• Protect wounds: If you cut your finger or somehow injure yourself while chopping vegetables, you should disinfect the wound and apply a waterproof dressing. Another option is to wear protective gloves to keep bacteria and other germs in food away from the wound.

Wash ingredients beforehand: Whether fresh mushrooms, minced meat, or vegetables, all raw foods must be carefully cleaned before you prepare them or eat them. Plants that grow underground should be peeled as a precaution.

Prepare separately: Throw away packaging immediately and use kitchen roll to wipe away any of the water that has come off the thawed food. Use different knives, cutting boards, and containers for raw meat and vegetables. Neither should come into contact with cooked or ready-to-eat food.

Follow the correct order: Food hygiene works better if you first prepare ingredients that do not need to be heated (e.g. ingredients for salad dressing or dessert). Then prepare lettuce and other vegetables and fruits intended for raw consumption. Finally, get started with the raw meat and fish.

Prepare as quickly as possible: Rapidly perishable foods should not be taken out of the refrigerator until you're about to prepare them or eat them and even then they should be processed as quickly as possible. If the preparation is taking longer than expected, you can store these foods and other prepared ingredients in the refrigerator for a while.

Heat up properly: Whether you’re using a saucepan or frying pan: bacteria in food are killed at temperatures between 70 and 100 °C. When preparing dishes or reheating food leftovers, the food must be heated to at least 70 °C for at least two minutes. Eggs, on the other hand, should be cooked for at least five minutes. Choose a high temperature and use a meat thermometer if necessary. If you don't want to lose the valuable nutrients in raw sprouts, herbs, or salad leaves when heating, try blanching. Blanching is a good compromise between cooking and raw consumption.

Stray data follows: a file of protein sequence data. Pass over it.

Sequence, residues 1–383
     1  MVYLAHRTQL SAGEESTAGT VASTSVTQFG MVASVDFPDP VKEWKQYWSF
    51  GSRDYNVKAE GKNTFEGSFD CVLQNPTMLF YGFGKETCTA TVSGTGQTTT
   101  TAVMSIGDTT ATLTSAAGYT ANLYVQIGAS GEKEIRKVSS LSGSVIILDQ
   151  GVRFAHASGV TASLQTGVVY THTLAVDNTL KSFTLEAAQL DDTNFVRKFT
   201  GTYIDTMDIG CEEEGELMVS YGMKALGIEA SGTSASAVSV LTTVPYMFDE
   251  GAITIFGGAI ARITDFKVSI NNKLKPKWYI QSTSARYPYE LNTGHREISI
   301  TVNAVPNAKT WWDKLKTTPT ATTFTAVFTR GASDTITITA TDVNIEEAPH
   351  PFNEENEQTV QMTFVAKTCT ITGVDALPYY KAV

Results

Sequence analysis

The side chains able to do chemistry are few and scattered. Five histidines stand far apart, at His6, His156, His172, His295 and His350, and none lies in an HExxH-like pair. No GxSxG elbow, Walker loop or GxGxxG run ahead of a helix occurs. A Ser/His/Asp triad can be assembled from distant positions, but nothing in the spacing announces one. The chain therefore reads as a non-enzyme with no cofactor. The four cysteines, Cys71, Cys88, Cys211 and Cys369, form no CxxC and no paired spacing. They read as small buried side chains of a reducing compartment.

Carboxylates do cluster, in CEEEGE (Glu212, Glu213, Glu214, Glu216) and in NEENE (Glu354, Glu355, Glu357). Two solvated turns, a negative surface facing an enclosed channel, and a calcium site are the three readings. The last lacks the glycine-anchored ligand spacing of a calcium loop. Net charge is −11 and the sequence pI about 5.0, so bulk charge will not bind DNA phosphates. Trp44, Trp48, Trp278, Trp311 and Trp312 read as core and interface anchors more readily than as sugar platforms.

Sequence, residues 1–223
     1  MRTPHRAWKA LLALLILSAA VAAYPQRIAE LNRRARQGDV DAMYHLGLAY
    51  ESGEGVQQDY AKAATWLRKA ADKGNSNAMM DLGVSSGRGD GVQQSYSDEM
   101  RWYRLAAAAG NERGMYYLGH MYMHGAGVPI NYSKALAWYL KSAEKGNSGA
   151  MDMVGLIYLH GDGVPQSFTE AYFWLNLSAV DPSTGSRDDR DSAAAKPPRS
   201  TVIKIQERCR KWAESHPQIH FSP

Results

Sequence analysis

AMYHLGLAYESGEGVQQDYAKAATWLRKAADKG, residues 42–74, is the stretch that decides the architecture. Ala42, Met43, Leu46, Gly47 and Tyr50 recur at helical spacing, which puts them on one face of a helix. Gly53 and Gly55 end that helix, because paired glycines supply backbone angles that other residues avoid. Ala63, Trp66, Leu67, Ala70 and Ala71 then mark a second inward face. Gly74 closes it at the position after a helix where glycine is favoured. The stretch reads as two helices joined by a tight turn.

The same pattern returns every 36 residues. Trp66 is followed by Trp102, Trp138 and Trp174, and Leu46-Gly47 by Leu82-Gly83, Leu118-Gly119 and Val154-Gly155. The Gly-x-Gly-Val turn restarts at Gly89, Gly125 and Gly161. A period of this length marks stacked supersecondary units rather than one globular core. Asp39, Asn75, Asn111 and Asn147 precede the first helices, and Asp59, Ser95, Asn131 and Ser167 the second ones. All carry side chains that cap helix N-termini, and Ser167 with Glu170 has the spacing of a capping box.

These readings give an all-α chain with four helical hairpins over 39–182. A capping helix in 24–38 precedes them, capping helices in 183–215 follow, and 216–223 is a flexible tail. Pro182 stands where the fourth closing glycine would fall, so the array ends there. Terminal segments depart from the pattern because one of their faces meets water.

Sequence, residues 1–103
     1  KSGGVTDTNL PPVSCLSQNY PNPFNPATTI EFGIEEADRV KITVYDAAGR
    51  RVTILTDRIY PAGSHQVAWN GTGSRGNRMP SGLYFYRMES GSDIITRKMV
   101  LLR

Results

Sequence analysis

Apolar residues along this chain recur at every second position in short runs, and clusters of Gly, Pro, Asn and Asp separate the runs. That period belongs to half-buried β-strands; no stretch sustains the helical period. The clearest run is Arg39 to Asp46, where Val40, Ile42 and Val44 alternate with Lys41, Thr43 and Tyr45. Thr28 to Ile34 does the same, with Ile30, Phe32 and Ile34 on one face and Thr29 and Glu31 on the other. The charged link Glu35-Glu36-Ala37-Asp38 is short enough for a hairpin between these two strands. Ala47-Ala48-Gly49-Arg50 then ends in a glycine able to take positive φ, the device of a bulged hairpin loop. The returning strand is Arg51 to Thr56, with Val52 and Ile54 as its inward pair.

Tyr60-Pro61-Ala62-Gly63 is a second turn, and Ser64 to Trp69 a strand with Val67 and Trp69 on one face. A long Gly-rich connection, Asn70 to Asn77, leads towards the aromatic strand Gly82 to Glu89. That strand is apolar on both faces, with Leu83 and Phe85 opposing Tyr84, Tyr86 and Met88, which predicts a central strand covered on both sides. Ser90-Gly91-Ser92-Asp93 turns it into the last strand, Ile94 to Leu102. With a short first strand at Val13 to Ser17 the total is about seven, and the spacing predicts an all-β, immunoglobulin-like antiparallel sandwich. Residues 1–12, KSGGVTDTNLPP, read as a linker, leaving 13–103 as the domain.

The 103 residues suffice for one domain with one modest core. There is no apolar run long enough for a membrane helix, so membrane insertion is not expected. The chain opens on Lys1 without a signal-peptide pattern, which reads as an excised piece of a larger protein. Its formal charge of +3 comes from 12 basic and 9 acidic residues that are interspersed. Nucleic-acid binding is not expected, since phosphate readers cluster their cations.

Serve: It is better to serve ready cooked food straight away, leave it on the stove on a low flame for the last few minutes before serving, or keep it in a container that can preserve the temperature.

Our GROHE tip

Kitchen mixer taps can cause germs to spread even more. Sensor taps, on the other hand, are touch-free so they reduce the risk of germ transmission even further. You will find corresponding models in our catalogue. Save yourself some work when blanching vegetables: With GROHE Red taps, you get boiling hot water at the touch of a button.

List of sources:

¹ Bundesinstitut für Risikobewertung: Broschüre Schutz vor Lebensmittelinfektionen im Privathaushalt, S. 2f.
² Bundesministerium für Ernährung und Landwirtschaft (BMEL): BMEL
³ Bundesinstitut für Risikobewertung: Broschüre Schutz vor Lebensmittelinfektionen im Privathaushalt, S. 4f.
Bundesinstitut für gesundheitliche Aufklärung (BZgA):